come to a budget compromise for the country. The House passed a budget and
refused to go to that conference with the Senate, because it was scared of
what might happen.

The list just goes on.

Gun control was a total flop.

The appropriations process has completely broken down. We almost went
over the fiscal cliff when John Boehner`s plan B failed. Do you remember
plan B?

Sequestration which Boehner once called devastating is now the law of
the land and will be for the foreseeable future.

The Federal Reserve, Ben Bernanke, cannot pursue the policies it
thinks make sense because it is scared. Ben Bernanke just said this the
other day, that Congress will drive the economy into a ditch, so the Fed
needs to support the economy more than they would like to, because they`re
worried Congress will screw so bad.

I`m not just choosing examples at random here. The data tells the
same story.

So far, the 113th Congress has passed 36 public laws. Now, its not
done. It`s just so far.

But for comparison, the 112th Congress, the least productive Congress
since we begun keeping records, passed 283 public laws. At this rate, the
113th Congress is on track to be by far the least productive Congress on
record, by far.

Boehner however, to be fair to him, says he rejects those metrics. He
said, "We should not be judged on how many new laws we create. We ought to
be judged on how many laws we repeal." Good conservative comment.

So, how many laws has John Boehner repealed? None. He tried to
repeal Obamacare a bunch of times, but Obamacare remains the law of the
land. He hasn`t managed or even really made a serious attempt to repeal
any other major laws, laws not gone after Medicare or Social Security or

But perhaps the American people just enjoy this kind of gridlock.
Perhaps they hate congressional productivity. They love the status quo.
They think things are going so great in this country right now, nothing
Congress could possibly do to make it better. Perhaps they want nothing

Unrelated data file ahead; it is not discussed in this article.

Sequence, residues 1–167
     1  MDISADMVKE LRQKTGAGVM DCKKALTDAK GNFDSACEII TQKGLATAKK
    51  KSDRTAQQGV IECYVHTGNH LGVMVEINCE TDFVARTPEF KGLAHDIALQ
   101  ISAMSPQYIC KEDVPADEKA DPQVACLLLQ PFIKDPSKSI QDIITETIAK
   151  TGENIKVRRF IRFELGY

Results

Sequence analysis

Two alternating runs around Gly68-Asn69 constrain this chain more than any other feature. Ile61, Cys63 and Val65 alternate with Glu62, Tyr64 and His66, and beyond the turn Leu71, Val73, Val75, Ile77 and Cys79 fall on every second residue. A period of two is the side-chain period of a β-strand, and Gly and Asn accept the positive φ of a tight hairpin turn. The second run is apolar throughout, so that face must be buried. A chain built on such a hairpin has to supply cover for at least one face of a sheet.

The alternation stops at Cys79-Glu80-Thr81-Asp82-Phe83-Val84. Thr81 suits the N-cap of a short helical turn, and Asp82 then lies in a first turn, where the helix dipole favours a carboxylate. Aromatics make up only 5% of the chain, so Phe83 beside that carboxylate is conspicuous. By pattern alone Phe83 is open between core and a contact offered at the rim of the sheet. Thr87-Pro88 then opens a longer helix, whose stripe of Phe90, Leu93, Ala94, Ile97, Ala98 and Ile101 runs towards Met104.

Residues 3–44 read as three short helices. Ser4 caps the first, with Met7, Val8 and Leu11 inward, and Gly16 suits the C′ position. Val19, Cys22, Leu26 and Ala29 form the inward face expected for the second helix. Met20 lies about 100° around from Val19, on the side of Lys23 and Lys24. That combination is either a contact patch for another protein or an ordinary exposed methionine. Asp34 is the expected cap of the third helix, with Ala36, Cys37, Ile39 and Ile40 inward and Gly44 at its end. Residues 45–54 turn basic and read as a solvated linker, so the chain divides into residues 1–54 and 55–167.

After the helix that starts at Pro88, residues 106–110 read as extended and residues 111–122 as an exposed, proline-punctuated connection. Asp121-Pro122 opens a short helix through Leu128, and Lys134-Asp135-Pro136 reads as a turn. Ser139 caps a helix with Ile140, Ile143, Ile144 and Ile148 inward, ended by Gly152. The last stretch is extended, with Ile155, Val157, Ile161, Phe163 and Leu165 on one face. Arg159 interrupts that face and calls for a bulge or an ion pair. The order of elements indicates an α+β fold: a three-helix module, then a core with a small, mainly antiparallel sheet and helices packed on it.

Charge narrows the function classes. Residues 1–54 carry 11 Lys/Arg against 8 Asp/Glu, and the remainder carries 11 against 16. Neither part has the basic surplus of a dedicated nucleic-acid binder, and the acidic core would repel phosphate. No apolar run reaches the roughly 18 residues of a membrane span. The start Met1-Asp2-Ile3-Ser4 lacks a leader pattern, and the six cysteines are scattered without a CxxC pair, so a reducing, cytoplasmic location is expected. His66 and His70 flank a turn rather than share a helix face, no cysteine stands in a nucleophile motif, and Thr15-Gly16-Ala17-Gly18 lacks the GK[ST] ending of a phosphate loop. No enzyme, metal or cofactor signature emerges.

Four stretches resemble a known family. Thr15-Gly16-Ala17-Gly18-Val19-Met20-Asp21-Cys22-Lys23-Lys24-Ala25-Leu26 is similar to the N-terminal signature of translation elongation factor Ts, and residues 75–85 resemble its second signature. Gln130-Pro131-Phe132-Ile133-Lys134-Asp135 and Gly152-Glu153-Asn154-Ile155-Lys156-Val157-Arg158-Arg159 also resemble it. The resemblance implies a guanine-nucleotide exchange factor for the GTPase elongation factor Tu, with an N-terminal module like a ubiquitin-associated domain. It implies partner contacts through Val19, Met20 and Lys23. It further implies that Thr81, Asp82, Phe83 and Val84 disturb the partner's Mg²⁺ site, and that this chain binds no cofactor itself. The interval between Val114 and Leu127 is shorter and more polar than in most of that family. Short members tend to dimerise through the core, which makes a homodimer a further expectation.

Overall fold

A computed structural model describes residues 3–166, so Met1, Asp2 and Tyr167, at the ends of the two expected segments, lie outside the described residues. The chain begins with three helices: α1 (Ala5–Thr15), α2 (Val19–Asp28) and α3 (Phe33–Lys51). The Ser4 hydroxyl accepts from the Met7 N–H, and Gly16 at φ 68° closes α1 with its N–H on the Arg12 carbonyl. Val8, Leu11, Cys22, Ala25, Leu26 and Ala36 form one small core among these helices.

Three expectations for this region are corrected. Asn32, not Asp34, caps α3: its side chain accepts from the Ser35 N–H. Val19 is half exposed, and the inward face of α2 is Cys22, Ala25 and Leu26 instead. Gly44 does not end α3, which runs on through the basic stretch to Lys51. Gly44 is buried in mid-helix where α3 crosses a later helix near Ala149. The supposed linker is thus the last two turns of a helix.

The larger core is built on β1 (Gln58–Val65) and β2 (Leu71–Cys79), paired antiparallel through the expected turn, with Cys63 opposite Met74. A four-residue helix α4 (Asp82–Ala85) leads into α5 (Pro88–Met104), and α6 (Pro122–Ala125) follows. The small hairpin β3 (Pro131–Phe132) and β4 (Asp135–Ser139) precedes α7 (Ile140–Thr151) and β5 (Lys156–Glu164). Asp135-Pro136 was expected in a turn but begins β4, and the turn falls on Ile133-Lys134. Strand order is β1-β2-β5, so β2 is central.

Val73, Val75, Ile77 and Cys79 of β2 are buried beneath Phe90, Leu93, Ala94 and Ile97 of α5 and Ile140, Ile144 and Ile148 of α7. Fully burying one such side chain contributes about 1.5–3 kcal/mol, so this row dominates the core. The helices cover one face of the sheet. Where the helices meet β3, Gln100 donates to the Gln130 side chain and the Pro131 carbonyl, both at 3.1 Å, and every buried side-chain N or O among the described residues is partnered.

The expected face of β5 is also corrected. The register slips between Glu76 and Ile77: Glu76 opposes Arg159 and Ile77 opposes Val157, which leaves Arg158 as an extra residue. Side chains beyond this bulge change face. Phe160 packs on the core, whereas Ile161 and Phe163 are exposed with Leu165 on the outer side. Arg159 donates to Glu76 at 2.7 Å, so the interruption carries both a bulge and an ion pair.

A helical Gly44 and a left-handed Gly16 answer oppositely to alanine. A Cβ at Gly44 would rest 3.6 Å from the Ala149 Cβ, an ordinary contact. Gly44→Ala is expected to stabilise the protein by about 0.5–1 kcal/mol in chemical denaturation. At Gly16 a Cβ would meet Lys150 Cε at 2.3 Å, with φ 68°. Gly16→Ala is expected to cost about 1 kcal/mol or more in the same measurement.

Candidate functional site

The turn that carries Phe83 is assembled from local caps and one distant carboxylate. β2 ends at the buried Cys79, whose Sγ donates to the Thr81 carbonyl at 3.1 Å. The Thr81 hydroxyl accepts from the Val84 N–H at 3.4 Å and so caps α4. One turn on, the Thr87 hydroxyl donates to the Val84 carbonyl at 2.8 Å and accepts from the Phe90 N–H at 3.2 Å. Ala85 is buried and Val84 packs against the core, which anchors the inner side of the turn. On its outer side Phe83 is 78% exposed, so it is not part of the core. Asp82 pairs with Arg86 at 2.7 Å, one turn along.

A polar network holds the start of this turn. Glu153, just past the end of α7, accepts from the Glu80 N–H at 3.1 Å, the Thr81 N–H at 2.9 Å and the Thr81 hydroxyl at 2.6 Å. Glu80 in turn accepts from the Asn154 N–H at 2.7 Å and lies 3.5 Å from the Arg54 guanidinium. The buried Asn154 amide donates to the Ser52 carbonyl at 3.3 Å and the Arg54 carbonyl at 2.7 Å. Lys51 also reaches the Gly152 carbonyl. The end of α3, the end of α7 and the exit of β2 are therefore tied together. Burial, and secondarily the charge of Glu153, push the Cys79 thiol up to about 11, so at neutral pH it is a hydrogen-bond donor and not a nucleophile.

done and nothing undone.

If that is the case, then they have a funny way of rewarding success.

According to Gallup, Americans have never had less confidence in
Congress than they do right now. Heck of a job, guys.

In fact, as unpopular as Obamacare is, Congress is even more unpopular
and it is getting worse. There was today`s debacle, where Boehner buckled
to conservatives in his conference. But more disturbing, part of his
strategy to avoid a government shutdown is to convince his members they
should hold their fire for what he calls, quote, "a whale of a fight" -- a
whale of a fight -- over raising the debt ceiling.

That moves the conflict to a more dangerous theatre, one that could
result in a complete global financial crisis.

For all the press Senator Ted Cruz gets, his threat of a shutdown is
far less irresponsible than Boehner`s threat of a default. This isn`t all
Boehner`s fault. Of course, he`s dealing with a fractious conference.
He`s getting outflanked by media savvy hard line conservatives. He`s
facing real challenges to his leadership.

But some of it is Boehner`s fault. Many of his members don`t trust
him. He refuses to level to Republicans ant what`s possible for them to

Boehner refused to go around them by cutting deals with the Democrats
on issues where there could with agreement. Like immigration, or on the
continuing resolution, the government funding bill.

He`s promoting a debt ceiling fight that could have disastrous
consequences and Speaker Boehner is ultimately the guy in charge. He`s a
guy in charge of the worst performing congresses` in history. If he is
looking for a train wreck to fix, he might be getting closer to home.

Joining me now is Congressman John Yarmuth, Democrat from Kentucky and
a member of the House Budget Committee, and Congressman Jim Cooper,
Democrat from Tennessee.

Congressman Yarmuth, I want to begin with you here. There will be --
do you think there will be a shutdown?

REP. JOHN YARMUTH (D), KENTUCKY: I`ve been saying for weeks that I
thought there would be a shutdown. By the way, I was ready to walk out
when you started talking about Congress` popularity. Oh, my gosh, why do
you even want us on?


YARMUTH: But, no, I`ve been saying for weeks, I think there will be.
Unless Speaker Boehner realizes and commits himself to being the speaker of
the House for the entire country, not just for the Republican Party, and
now trying to pass everything with only Republican votes, we`re never
going to get to a place where the House will pass something that the Senate
will accept and the president will sign.

That`s just the absolute facts of the situation and it really doesn`t
matter what the issue is. He has to have Democratic support in the House.
He has to be willing to pass legislature with a smaller number of
Republicans than 218, and then do something that not only works, but can
pass both houses and signed by the president.